The Changed -- FINALE -- by Dee Caples
After The Shouting Was Over
Life had been cruel before and millions had perished from war, hunger, disease and each other. Bullets and guns were still needed because there would always be men like Dancy but people didn’t want the same old world that hadn’t worked. They hoarded and planted seeds, dried and saved them for the next planting. Itinerant engineers moved about, working small miracles so life would be easier. Water flooded into fields from irrigation ditches powered by wind generators. People became weavers again, making thread and clothing. Glass blowers made a new kind of light bulb but people mostly went to bed and rose with the sun. Life on the frontier was hard. Old ways had died and it was time to make or break.
The planet spun as it had since time out of mind, since before there were minds that discovered knowledge of these things. Most agreed reaching for the sky was impossible and resulted in lofty ideals being thrown back to the ground where they belonged. They just wanted peace.
Churches were erected but as places of worship only, not the springboard of oppressive missionary zeal. Their number believed in God because faith in Him had seen them through the tough times. Love, charity and hope were words to live by, a return to the simple message that had been lost in a world run by the dollar.
A beekeeper came, preaching his particular type of sermon, built boxy homes for them then moved on. Now those busy insects flourished and their industry provided combs for wax candles and something sweet to eat. Nature expanded into the room left by the decrease of people. All manner of waddling, cheeping and creeping things went among the thriving plants and enduring hills. Since people had to meet animals on their own terms, useless slaughter wasn’t an issue anymore. Nothing of the hunted went to waste.
Danna lived in this town Pericles had led her to, her wandering days over. Time and work put lines on her face but she didn’t notice them because she wanted no mirrors. They were things from an age of vanity and she’d been born too late to remember such as whirlpool tubs, make-up and selfie handles. At night when she lay down she felt the aches and pains of a day spent hoeing the garden but she slept the sleep of the redeemed. It was a simple life and she loved it.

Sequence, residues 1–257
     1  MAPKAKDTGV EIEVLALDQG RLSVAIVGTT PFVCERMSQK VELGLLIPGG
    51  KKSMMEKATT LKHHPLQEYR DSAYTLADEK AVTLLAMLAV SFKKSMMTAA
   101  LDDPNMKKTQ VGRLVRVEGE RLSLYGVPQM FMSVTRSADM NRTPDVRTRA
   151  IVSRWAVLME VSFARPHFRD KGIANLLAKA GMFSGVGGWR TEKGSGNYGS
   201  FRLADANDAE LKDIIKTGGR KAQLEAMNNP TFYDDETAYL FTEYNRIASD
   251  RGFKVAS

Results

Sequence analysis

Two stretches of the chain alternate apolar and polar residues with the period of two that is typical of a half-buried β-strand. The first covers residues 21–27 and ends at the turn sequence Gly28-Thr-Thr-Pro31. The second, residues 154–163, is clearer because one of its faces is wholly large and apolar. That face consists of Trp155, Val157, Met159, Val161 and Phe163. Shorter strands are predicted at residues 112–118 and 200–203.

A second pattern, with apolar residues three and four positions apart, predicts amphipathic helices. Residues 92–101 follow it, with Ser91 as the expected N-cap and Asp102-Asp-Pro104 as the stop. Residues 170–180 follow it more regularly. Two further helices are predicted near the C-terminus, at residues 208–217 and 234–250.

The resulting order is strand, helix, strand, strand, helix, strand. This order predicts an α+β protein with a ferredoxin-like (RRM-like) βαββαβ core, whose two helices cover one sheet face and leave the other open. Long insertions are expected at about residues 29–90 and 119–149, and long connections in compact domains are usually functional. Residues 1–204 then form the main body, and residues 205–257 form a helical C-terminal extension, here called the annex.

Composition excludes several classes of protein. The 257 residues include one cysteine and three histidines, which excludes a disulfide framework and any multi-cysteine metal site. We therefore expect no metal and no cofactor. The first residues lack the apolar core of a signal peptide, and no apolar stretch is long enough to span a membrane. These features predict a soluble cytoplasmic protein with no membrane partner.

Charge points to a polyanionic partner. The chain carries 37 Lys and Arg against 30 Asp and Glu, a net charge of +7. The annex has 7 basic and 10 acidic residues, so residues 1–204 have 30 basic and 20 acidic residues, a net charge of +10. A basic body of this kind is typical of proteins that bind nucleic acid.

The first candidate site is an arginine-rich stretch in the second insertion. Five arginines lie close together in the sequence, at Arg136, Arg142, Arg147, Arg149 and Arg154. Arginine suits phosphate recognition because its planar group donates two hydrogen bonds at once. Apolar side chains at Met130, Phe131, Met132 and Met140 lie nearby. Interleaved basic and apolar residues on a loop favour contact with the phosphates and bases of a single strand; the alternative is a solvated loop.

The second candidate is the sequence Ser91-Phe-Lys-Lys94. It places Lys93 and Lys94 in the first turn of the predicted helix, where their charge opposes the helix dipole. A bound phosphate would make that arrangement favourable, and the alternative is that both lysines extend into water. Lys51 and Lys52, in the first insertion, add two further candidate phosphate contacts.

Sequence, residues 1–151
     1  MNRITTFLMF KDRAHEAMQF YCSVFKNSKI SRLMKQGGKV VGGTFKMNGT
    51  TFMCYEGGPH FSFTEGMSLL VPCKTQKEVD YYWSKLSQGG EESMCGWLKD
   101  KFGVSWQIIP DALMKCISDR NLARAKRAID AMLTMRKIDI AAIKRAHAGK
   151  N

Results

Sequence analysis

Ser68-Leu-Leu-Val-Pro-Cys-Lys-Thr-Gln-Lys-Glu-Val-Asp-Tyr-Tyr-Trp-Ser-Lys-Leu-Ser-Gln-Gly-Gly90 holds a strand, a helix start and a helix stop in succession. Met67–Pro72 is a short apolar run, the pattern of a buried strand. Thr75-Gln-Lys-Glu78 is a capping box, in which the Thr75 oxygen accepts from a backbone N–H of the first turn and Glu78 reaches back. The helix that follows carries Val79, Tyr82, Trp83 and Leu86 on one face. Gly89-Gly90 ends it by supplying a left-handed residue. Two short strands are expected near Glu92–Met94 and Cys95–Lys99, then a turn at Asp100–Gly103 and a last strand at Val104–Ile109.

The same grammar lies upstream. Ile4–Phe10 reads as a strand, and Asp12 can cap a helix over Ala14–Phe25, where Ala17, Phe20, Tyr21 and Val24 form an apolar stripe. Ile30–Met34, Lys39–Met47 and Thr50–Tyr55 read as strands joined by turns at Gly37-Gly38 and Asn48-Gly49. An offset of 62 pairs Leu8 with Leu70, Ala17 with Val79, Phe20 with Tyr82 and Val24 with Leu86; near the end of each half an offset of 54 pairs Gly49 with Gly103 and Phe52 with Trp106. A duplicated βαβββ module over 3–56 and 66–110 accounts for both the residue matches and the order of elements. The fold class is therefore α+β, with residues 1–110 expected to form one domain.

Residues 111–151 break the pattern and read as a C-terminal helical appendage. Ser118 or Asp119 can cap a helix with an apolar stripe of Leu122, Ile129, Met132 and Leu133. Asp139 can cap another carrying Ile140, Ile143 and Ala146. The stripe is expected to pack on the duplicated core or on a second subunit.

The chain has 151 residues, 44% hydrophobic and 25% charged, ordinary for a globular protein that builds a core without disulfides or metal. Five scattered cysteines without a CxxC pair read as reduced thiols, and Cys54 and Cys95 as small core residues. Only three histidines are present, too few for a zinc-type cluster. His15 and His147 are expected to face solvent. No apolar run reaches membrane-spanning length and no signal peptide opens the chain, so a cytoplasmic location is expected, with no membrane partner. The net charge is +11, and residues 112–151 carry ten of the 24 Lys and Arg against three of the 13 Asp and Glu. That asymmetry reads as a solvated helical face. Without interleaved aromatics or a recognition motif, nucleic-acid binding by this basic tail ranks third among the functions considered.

With tool in hand, she tuned the old instrument they’d found here, a piano. It was shaped like nothing she’d ever seen and produced the most beautiful sounds. When the others heard her plink it with two fingers and sing they gave her the house where it sat. Why not? It wasn’t like they wanted to move the thing and there were plenty of empty houses. She cared for it like a loved one, oiled the wood and took care to keep the strings free of rust. The bench seat had lots of instructive sheets she studied, teaching herself to read music. Many nights folks gathered, winding in and out the doors, bringing covered dishes and breaking into impromptu dance and song.
Danna was something of an inventor, too. She fashioned flutes from bamboo, drums from wood and skins. Someone brought her a guitar, the strings broken and curled. They didn’t know why she cried about it. Patiently, she’d fashioned gut strings and showed a couple of boys and girls how to play it, tears rolling down her cheeks.
At first she’d been too busy to think about things like finding a man she could get along with and having children. It was clear from life before that she was likely sterile so she left reproduction to those who could. Tender sex was something she’d known only once but she had a heart filled with love she shared with those she taught music. When viewed from that perspective, she had more than a dozen children.
It broke something inside that never healed to remember Pericles and The Changed. She hadn’t a clue what had become of them, never heard any traveler’s tales about glimpses of strange creatures that hid from people. Perhaps they were gone now, just as he’d said they would likely be. Years ago she’d sat on her porch and waited for him to come by, just to say hello. Then she stopped waiting.
She told the story, of course. It was only right that they not pass from memory. She described them in physical detail but emphasized their compassion and love for each other, the tenacity with which they held onto each moment because they knew their kind was doomed. People needed to be warned about reaching too high. Some things aren’t meant to be grasped. Some things aren’t meant for the hand of man.